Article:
Researchers at the U.S. Department of Energy's (DOE) National Renewable Energy Laboratory (NREL) developed a new perovskite ink with a long processing window that allows the scalable production of perovskite solar cells.
To create a perovskite film, a coating of chemicals is deposited on a substrate and heated to fully crystalize the material. The various steps involved often overlap with each other and complicate the process. One extremely critical stage requires the addition of an antisolvent that extracts the precursor chemicals, and thus create crystals of good quality. The window for this step opens and closes within seconds, which is detrimental for manufacturing due to the precision required to make this time window. NREL researchers were able to keep that window open as long as 8 minutes.
The formula for the precursor perovskite ink included a chlorine-containing methylammonium lead iodide precursor along with solvent tuning, coupled with an antisolvent, which could be deposited onto the substrate by either spin-coating or blade-coating methods. It was reported that both methods were tested and produced indistinguishable film morphology and device performance. Blade-coating might be more attractive to manufacturers because it can easily be scaled up.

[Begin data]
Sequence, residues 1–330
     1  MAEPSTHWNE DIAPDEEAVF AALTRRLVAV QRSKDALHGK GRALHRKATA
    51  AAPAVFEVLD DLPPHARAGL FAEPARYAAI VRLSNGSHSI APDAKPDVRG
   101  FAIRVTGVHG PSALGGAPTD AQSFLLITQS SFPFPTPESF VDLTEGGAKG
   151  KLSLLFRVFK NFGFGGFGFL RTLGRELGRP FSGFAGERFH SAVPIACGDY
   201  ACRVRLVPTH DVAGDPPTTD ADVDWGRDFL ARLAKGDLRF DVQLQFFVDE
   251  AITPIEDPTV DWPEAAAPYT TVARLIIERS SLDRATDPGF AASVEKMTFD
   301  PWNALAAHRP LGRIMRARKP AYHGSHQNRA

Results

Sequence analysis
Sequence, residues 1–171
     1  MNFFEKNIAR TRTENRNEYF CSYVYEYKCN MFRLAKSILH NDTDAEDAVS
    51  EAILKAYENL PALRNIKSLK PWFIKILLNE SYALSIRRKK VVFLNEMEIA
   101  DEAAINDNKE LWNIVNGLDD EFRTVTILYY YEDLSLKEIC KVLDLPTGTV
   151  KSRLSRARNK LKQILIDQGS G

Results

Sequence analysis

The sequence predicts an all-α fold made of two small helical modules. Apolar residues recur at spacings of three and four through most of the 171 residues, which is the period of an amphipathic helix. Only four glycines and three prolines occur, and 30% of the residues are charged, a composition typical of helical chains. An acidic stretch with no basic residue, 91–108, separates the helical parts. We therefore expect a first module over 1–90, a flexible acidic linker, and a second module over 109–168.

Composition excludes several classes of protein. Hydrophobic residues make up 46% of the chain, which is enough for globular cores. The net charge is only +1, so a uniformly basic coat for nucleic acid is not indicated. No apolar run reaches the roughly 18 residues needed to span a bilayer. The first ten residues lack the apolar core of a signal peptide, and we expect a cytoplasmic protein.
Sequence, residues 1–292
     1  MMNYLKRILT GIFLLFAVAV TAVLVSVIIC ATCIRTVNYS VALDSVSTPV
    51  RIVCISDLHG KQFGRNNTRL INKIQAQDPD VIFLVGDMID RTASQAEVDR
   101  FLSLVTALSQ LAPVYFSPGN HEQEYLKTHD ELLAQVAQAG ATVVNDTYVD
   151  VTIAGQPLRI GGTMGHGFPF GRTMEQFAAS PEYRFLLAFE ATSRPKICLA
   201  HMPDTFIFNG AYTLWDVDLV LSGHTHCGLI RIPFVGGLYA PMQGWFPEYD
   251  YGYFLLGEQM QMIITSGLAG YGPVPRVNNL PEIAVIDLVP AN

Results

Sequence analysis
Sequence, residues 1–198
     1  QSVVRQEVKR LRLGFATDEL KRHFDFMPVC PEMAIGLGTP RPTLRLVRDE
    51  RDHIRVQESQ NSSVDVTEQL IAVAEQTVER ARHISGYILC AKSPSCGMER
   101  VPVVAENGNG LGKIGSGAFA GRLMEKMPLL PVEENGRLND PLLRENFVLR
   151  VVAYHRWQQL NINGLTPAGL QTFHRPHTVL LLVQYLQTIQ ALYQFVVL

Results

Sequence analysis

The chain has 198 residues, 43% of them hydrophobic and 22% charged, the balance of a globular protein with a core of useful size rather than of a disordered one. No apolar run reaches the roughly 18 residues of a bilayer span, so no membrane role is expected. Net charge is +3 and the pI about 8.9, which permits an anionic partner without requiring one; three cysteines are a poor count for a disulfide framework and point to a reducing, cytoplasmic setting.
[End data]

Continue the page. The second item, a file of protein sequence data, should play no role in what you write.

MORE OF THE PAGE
The researchers tested one precursor ink containing excess methylammonium iodide (MAI) and a second containing added methylammonium chloride (MACI). The MACI proved most effective in reducing the length of heat treatment the perovskites require, cutting the time to about a minute compared to 10 minutes for the MAI solution.
Using blade-coated absorbers, NREL scientists made a four-cell perovskite module measuring about 12.6-square centimeters. Of that, 11.1-square centimeters were active in converting sunlight to energy and did so with a stabilized efficiency of 13.3%.
In February 2017, researchers at the University of Toronto developed a novel way to print perovskite solar cells easily and at a low cost.